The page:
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Emotional Intelligence in Healthcare

Emotional intelligence (EI) is a critical indicator of managers’ leadership qualities and skills since it determines their interaction with subordinates. At the same time, EI in health care is equally essential for ordinary employees and managers because of their constant communication with people and the complexity of experiencing emotions. My EI test results showed that I have some strengths, but I need to improve many components of my emotional intelligence to be competent in my profession.

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Interaction with people is an integral part of almost any person’s life, but for many people, their professional achievements depend on the quality of communication. Ovans (2015) provides several definitions and components of emotional intelligence that describe a person’s ability to recognize his or her own emotions and the emotions of others, the relationship they identify, and their management for problem-solving. Most often, the importance of EI is emphasized for leaders and managers, since their main task is to direct followers, but in health care, EI is critical for all employees. Nurses and doctors are faced with the need to convey information to patients correctly, and the ability to recognize and manage emotions is crucial for decision-making and appropriate communication with the patient. For example, a nurse needs to take the right approach to convince a patient of the need for treatment or inform a family about the death of a relative.

At the same time, EI is vital for leaders in healthcare as they have to interact with many parties to organize work. For example, Freshman and Rubino (2002) note that self-awareness and self-management are necessary for healthcare leaders to defend their position rationally. Social awareness and skills are required to motivate followers, subordinates’ needs, and boarding members’ demands (Freshman & Rubino, 2002). At the same time, the critical components of EI are also divided into more specific features, each of which is important in management. For instance, conflict management and self-control help to rationally criticize subordinates and seek improvements from them (Goleman & Boyatzis, 2017). Consequently, a leader’s EI is essential for productive communication between all healthcare providers and improving patient service.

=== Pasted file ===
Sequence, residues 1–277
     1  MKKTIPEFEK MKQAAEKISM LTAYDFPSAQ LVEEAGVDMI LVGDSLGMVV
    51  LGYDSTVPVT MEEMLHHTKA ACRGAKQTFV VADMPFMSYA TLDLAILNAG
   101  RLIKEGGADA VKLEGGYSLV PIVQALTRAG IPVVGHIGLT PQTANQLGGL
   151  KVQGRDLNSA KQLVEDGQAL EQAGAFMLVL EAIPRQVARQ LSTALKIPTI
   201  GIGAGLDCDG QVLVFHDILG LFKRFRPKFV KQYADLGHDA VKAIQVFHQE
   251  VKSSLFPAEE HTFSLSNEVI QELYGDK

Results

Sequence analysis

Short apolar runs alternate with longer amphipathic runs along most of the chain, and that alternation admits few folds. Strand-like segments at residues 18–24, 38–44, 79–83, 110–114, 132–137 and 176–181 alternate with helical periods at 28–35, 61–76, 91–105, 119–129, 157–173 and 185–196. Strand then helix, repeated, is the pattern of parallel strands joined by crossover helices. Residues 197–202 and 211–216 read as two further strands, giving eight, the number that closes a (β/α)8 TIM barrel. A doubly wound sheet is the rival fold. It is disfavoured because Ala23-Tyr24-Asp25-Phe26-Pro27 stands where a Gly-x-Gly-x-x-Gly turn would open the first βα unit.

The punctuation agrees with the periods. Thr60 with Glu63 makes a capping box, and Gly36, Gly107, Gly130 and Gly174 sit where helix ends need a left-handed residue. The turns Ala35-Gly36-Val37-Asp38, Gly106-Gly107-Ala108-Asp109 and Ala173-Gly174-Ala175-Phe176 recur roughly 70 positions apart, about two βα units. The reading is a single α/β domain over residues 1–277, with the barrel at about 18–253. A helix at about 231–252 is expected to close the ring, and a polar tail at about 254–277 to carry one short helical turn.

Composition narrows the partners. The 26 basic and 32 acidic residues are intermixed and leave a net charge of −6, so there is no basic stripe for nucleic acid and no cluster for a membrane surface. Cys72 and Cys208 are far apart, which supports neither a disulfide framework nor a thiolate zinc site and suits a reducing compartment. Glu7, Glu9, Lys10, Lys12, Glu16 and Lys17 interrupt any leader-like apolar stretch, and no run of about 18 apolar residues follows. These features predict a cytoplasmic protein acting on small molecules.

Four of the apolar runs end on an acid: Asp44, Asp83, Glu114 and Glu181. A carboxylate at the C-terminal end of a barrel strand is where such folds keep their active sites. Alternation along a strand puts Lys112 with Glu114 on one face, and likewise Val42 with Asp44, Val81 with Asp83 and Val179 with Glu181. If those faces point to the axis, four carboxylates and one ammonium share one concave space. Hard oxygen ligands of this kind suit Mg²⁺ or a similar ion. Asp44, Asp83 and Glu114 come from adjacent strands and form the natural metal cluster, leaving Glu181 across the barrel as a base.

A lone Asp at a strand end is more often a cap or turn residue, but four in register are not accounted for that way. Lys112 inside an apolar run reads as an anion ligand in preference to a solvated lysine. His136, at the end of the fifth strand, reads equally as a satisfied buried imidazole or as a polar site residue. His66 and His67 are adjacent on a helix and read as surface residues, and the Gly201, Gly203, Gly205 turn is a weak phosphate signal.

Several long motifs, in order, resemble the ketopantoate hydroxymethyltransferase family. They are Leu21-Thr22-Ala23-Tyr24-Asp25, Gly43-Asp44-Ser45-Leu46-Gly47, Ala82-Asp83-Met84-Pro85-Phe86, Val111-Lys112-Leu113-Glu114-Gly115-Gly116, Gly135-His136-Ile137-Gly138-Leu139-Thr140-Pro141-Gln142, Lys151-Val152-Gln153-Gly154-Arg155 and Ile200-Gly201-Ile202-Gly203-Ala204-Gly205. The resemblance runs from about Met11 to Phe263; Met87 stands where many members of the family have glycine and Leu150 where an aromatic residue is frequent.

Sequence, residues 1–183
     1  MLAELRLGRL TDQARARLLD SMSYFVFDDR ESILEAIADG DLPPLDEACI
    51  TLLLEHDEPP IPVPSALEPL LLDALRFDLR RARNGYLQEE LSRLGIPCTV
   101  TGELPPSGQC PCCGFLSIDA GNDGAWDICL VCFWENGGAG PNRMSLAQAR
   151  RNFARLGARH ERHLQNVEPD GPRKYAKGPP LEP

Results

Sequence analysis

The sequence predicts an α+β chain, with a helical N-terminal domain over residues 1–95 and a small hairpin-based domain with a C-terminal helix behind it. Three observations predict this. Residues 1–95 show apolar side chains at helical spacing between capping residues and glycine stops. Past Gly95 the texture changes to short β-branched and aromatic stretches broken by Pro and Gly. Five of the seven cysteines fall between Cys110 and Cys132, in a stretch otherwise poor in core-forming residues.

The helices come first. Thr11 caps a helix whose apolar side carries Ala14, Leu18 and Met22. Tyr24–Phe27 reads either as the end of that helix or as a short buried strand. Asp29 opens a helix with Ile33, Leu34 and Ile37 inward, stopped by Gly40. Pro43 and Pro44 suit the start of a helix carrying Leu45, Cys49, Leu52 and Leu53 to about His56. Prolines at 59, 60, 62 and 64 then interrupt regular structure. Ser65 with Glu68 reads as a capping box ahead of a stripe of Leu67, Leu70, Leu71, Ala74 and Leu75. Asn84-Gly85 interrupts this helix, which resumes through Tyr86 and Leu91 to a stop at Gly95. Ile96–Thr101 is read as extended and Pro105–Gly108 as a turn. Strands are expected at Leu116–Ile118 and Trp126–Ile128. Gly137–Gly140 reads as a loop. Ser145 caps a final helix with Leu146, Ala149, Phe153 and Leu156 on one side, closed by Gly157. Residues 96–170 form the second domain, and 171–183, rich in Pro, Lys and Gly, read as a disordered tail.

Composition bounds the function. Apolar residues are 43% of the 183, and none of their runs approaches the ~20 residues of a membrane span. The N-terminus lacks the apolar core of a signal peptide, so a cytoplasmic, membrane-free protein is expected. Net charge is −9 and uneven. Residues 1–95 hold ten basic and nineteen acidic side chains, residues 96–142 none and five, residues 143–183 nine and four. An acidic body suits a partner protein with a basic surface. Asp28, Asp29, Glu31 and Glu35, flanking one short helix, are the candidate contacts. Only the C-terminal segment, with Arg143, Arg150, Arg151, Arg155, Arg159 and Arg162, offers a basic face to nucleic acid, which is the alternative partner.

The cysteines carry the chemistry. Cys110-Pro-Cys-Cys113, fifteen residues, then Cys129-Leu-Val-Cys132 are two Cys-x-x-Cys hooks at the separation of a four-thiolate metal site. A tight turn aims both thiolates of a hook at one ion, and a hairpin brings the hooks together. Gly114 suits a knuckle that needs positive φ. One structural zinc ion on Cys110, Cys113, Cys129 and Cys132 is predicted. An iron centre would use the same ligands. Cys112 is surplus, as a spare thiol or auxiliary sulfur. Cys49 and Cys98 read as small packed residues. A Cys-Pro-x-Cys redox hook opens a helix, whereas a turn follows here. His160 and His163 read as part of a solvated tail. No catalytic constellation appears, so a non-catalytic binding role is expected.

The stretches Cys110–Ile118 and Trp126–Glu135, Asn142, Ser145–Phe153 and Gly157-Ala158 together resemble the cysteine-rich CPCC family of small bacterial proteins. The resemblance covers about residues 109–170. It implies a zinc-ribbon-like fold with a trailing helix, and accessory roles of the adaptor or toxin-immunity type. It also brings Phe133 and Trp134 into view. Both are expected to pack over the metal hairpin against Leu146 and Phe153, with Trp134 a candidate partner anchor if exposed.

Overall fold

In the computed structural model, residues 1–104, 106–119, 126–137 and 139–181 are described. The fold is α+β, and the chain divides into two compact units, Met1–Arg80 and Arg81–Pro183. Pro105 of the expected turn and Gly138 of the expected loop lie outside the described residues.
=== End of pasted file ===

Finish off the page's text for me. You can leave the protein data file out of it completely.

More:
My EI Test was partly surprising to me and demonstrated that I have to work hard to be successful in my profession. My EQ score is 78, which is pretty low, and I thought it would be a little higher. I knew that I had trouble recognizing other people’s emotions and that I also had a hard time coping with stressful situations. I also always considered myself rational, which, according to the test, is my strength. However, I thought that my rationality outweighed my emotions, but they have a more significant impact on me. Possible strengths and weaknesses demonstrate that the first direction for improvement in my own emotions and motivation because, without self-awareness and self-management, I will not be able to perceive and manage the emotions of others. I also find the recommendation for improving EI useful and accurate, and I’m going to use them to become a professional.

In conclusion, emotional intelligence is a critical aspect of effective management, especially in healthcare, where the health of patients depends on the right decision and communication of healthcare providers. However, even for regular employees, emotional intelligence plays a significant role and requires constant improvement. For this reason, I intend to make substantial efforts to improve my skills and become a more competent specialist for patients and colleagues.


Freshman, B., & Rubino, L. (2002). Emotional intelligence: A core competency for health care administrators. Health Care Manager, 20(4), 1-9.

Goleman, D., & Boyatzis, R. (2017). Emotional intelligence has 12 elements. Which do you need to work on? Harvard Business Review. Web.

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Ovans, A. (2015). How emotional intelligence became a key leadership skill. Harvard Business Review. Web.

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